Recent months have been dominated by news stories and visual images of home and its “unmaking”. From the state-enforced violent eviction of travellers living at Dale Farm in the United Kingdom to the signalling of regime change through the ransacking of Gaddafi family mansions in Libya, home is not separated from public and political worlds but is constituted, threatened or dissolved, through them. These events follow a series of years in which home has met the hard edge of the global economy with house repossession, resulting from Western debt over-reach, again pointing to the fragility of dwelling. Moving beyond the once celebratory hailing of home as an apolitical, “inward-looking” and secure space, this session approaches home as a physical, immaterial and symbolic site that is “outward-looking”, insecure, and subject to deliberate or unintentional disruption and destruction. Aiming to develop the now established literature on home making practices, it seeks to uncover new theoretical and empirical work on the politics, processes and everyday experiences of home unmaking at different spatial scales. It also encourages work that offers imaginative and practical engagements and guidelines for “doing” something to address these domestic injustices.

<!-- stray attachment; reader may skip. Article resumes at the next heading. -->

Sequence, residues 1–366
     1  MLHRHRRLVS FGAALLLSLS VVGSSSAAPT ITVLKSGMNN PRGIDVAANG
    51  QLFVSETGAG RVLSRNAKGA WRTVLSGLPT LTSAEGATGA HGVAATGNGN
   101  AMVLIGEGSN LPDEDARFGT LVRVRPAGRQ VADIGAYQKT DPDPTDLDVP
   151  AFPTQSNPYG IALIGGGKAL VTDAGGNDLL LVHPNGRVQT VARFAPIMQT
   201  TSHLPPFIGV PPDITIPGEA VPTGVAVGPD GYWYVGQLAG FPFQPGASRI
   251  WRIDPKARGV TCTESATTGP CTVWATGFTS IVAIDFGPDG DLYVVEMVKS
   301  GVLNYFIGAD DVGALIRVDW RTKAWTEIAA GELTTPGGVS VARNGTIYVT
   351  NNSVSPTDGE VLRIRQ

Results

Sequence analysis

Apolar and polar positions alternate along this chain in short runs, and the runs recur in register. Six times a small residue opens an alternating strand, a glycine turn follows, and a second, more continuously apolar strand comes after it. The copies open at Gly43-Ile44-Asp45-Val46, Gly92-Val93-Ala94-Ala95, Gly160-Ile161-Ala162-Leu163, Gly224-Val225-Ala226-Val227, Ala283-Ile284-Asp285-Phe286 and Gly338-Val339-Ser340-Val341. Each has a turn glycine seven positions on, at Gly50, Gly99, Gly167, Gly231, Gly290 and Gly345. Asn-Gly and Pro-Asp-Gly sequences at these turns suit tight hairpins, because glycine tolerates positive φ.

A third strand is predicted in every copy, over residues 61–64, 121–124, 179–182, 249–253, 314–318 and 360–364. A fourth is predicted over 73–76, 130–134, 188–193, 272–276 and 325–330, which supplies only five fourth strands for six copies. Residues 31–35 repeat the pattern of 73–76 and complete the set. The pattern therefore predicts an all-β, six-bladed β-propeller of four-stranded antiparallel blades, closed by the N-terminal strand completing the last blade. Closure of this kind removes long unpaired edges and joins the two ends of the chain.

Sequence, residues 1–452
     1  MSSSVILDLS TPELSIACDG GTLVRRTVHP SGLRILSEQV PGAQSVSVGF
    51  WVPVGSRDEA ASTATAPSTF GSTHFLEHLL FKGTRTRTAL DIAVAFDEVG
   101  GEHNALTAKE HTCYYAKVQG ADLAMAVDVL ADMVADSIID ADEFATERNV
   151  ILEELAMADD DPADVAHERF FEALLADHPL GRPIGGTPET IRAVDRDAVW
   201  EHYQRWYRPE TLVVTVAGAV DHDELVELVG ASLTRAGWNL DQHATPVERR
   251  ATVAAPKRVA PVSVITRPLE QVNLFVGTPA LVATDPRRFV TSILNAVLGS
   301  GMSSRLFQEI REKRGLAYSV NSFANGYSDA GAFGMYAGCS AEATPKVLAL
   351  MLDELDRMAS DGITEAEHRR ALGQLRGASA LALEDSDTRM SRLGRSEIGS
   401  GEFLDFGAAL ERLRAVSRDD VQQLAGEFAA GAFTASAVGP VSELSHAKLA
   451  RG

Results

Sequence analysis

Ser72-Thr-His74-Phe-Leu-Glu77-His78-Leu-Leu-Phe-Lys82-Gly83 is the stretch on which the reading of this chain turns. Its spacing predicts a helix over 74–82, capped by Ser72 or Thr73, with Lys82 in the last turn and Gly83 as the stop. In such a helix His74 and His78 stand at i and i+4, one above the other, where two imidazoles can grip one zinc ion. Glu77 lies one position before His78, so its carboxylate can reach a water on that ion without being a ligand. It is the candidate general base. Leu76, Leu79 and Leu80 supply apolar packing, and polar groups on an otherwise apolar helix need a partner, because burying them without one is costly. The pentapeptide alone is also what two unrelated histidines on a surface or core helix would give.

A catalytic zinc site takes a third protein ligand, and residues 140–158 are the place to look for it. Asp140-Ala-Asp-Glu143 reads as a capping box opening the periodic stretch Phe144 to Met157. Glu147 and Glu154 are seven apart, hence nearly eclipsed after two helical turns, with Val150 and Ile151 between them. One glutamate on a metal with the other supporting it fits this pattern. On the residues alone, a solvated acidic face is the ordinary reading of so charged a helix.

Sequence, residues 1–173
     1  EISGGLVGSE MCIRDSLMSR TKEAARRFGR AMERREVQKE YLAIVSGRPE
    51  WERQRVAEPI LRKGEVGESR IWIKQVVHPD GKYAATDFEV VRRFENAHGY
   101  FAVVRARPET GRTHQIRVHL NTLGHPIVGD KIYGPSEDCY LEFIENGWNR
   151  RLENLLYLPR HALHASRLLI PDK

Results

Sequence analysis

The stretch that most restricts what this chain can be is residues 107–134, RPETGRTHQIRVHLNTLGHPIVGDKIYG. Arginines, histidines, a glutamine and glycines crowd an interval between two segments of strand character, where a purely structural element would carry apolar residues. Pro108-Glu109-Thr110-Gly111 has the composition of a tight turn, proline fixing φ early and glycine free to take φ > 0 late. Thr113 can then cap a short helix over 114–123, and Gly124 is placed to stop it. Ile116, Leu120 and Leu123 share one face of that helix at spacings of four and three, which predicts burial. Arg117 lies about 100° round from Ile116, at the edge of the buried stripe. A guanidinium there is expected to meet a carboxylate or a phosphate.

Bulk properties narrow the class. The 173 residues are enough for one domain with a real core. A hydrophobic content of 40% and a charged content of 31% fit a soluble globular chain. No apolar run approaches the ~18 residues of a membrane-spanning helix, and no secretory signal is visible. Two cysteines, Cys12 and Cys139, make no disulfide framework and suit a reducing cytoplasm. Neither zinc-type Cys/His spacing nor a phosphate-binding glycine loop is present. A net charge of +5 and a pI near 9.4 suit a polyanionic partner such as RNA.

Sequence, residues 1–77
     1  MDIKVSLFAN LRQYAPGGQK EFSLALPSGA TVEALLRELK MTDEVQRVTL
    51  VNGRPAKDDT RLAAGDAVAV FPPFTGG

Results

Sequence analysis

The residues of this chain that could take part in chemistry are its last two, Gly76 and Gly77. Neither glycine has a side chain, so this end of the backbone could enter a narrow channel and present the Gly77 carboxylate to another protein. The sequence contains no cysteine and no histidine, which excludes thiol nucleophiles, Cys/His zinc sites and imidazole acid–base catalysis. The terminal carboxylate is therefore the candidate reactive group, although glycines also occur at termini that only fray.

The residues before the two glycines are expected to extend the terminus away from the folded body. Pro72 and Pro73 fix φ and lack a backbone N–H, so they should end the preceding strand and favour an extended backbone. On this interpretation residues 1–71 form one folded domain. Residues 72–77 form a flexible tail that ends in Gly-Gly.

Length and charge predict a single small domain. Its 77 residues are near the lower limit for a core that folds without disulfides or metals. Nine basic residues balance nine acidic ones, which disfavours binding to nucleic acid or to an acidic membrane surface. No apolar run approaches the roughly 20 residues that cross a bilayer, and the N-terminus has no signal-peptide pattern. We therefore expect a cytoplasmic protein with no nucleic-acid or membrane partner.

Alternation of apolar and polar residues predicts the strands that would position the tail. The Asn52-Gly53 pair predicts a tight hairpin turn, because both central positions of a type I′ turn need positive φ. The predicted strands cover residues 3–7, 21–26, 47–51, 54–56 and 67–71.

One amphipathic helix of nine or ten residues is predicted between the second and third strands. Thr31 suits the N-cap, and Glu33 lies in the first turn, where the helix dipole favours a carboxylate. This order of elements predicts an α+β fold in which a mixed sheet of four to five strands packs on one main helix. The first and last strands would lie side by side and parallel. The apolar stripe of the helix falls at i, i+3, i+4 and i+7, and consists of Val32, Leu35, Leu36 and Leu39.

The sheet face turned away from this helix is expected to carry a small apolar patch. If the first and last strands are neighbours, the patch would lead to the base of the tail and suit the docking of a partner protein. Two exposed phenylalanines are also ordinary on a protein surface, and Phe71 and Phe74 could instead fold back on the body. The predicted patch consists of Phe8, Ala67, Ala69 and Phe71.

Themes could include, but are not limited to, home unmaking and:
- Eviction and repossession
- War and conflict
- Disasters and climate change
- Marital breakdown
- Lifecourse transitions
- Art and artistic practice
Please send abstracts of no more than 300 words to Richard Baxter (email@example.com) by 23 December 2011
. A special issue in the journal Home Cultures
is planned. Please indicate in your email if you would potentially like to be part of this.
Organisers: Katherine Brickell (Royal Holloway University of London) and Richard Baxter (Queen Mary University of London)